Royal Air Force (RAF) officers carry out flying duties or specialise in one of a wide range of ground duties. They lead and manage teams of RAF airmen or airwomen. They are responsible for the training, welfare and discipline of the men and women under their command.
There are around 20 different officer roles to choose from to suit your skills and ambitions including: pilot, weapons systems officer, police officer, intelligence officer, air traffic control officer, chaplain, doctor, dentist, nursing officer and engineer. All RAF officers must be ready to serve anywhere in the UK and overseas and must be prepared to go into combat zones at any time.
You could be:
- working under fire in a war zone
- piloting or navigating an aircraft or helicopter
- controlling air traffic
- collecting intelligence
- taking part in humanitarian or peacekeeping duties
- taking part in search and rescue missions
- doing administrative work at your base, in the UK or abroad
- working in your specialist job such as chaplain, dentist, doctor, nurse or lawyer.
The figures below are only a guide. Actual pay rates may vary, depending on:
- where you work
- what job you do.
Many officers, including pilots, engineering and personnel officers, are paid £26,504 a year during training and £31,800 after training. There are different pay scales for certain specialist officers and for people who join with a degree or a professional qualification, such as chaplains and legal officers.
- Pilot Officer/Flying Officer - £31,800 to £35,212
- Flight Lieutenant - £40,825 to £48,550
- Squadron Leader - £51,425 to £61,588
- Wing Commander - £72,175 to £83,572
- Group Captain - £87,441 to £96,122.
You get extra allowances in some jobs and for being overseas. The RAF provides subsidised food and accommodation as well as uniforms and protective clothing, free healthcare and a pension.
- Working conditions vary, depending on where you are and what you are doing.
- You may be away from home and family for several months on end.
- You can be sent anywhere in the UK or abroad, sometimes at short notice.
- You might have to work in very hot or very cold weather or in other extreme conditions.
- Hours might be irregular and you might have to work shifts.
- You are entitled to 38 days holiday a year.
- It is not always adventurous and exciting; there is a lot of routine work.
- Some RAF staff rarely fly in the course of their work.
You should be aware that in the RAF, you may at times be operating in difficult and dangerous conditions and there may be the risk of injury and death.
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- You need at least 3 Highers plus 5 subjects at National 5, including English and Maths. There are some RAF scholarships for school students taking Highers.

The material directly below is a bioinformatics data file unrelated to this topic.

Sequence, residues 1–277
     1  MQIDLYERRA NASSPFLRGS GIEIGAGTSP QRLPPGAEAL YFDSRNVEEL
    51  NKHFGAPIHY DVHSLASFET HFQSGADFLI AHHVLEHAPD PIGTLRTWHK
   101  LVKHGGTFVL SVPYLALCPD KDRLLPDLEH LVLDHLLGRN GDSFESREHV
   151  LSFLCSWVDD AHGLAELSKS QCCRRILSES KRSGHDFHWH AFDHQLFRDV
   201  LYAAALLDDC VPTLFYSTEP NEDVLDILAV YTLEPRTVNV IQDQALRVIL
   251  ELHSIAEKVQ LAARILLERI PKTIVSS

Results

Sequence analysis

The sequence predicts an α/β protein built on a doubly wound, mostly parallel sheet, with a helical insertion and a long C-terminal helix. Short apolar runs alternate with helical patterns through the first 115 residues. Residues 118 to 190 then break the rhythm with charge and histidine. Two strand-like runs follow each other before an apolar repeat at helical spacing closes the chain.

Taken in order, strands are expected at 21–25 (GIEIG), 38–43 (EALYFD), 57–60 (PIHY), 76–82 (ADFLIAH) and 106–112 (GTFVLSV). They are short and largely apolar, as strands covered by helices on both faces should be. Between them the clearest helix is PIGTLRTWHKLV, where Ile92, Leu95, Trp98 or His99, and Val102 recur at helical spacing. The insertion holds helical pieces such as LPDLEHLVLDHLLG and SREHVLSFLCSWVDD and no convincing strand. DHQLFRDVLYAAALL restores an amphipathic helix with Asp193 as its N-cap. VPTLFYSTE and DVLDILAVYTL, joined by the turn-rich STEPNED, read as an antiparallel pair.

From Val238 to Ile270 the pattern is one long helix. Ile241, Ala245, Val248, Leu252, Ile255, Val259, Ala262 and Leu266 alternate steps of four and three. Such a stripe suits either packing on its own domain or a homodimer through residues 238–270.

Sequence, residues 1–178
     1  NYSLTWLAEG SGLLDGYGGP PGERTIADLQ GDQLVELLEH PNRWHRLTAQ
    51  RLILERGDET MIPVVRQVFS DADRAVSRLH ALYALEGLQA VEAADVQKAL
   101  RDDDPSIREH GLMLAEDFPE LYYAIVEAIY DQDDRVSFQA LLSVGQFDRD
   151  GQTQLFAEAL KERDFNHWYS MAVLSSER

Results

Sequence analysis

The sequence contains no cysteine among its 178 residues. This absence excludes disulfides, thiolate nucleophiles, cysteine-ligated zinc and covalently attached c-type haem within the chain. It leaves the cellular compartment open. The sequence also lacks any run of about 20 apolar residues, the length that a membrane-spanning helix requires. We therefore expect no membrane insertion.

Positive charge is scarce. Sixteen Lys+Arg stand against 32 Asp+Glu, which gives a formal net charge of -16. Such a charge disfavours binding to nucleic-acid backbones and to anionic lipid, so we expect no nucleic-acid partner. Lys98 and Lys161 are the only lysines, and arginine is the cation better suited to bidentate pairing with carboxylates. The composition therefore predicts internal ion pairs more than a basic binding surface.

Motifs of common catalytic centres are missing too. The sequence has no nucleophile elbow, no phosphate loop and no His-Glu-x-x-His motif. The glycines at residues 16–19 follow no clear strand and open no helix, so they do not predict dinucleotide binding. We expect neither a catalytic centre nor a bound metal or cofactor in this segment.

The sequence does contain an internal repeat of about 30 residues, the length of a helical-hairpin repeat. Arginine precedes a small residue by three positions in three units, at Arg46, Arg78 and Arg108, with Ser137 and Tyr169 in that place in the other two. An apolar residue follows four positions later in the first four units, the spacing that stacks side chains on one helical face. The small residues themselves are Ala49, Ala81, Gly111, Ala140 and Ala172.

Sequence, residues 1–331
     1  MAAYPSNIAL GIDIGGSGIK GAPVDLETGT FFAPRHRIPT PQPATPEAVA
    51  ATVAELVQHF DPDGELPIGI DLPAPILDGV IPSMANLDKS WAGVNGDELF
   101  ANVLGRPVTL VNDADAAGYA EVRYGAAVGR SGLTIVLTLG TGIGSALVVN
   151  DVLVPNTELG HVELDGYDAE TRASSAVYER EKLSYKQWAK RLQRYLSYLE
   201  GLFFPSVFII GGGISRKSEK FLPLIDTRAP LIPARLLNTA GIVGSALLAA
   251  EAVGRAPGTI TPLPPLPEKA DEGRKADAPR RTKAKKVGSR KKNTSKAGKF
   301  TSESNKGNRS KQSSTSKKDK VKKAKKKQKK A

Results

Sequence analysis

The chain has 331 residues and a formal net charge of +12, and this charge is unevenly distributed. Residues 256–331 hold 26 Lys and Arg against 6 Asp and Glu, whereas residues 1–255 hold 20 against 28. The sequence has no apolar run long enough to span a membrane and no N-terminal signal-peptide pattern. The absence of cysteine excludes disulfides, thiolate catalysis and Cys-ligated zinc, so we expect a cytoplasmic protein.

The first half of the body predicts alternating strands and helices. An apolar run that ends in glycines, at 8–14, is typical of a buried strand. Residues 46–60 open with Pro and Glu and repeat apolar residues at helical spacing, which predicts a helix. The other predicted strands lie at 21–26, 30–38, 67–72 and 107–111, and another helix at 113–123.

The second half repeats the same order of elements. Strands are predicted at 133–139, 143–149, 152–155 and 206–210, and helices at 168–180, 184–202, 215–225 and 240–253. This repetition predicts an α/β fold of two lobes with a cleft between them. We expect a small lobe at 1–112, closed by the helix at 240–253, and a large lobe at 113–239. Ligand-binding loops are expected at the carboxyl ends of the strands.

- You are more likely to get in if you have a degree, and for some specialist jobs, for example engineering officer, you must have a degree or equivalent qualification in a particular subject. There are some RAF cadetships and bursaries for students taking a degree.
- You must meet residence and nationality requirements – they are shown on the RAF website.
- You must pass a series of tests which assess aptitude, character and personality, pass an interview and take a physical test. These take place over 2 days at the Officer and Aircrew Selection Centre (OASC) at RAF College Cranwell in Lincolnshire.
- You must usually be at least 17 years and 6 months old, but for some officer roles, such as nursing or dental officer, you need to be older.
- If you are under 18 your parents or guardians must agree to your joining.
- There is a strict medical examination. You must be fit and healthy with your body weight in proportion to your height.
- If you are accepted you join on an Initial Commission of 12 years. During this time you may be selected to serve on a pension earning commission of 20 years’ service or up to age 40, whichever is later.
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What Does it Take?
You should be:
- a good leader, able to take responsibility and inspire confidence
- able to enforce discipline
- courageous and self-disciplined
- resilient and resourceful
- a good organiser
- able to stay calm and work effectively, even in battle
- able to react quickly and take decisions under pressure
- able to deal with complex information
- able to work alone and also as part of a team.
- You will complete a challenging 30-week Initial Officer Training (IOT) course at RAF College Cranwell.
- This is followed by role-specific training for the job you will be doing.
- If you join as one of the Specialist Branch officers, such as medical officer (doctor), you will complete a 13-week Specialist Entrant and Re-entrant (SERE) course at RAF College Cranwell.
- You keep up to date by attending training courses throughout your time in the RAF.
- There is a clearly defined promotion route from pilot officer to flying officer, flight lieutenant, squadron leader, wing commander and beyond.
- Your chances of promotion are better if you take further training.
- Experience in the RAF can be useful for a variety of jobs after you leave.
For detailed information about the Royal Air Force, phone 0345 605 5555 and visit its website at Royal Air Force to find your nearest recruitment centre.
The following organisations may be able to provide further information.
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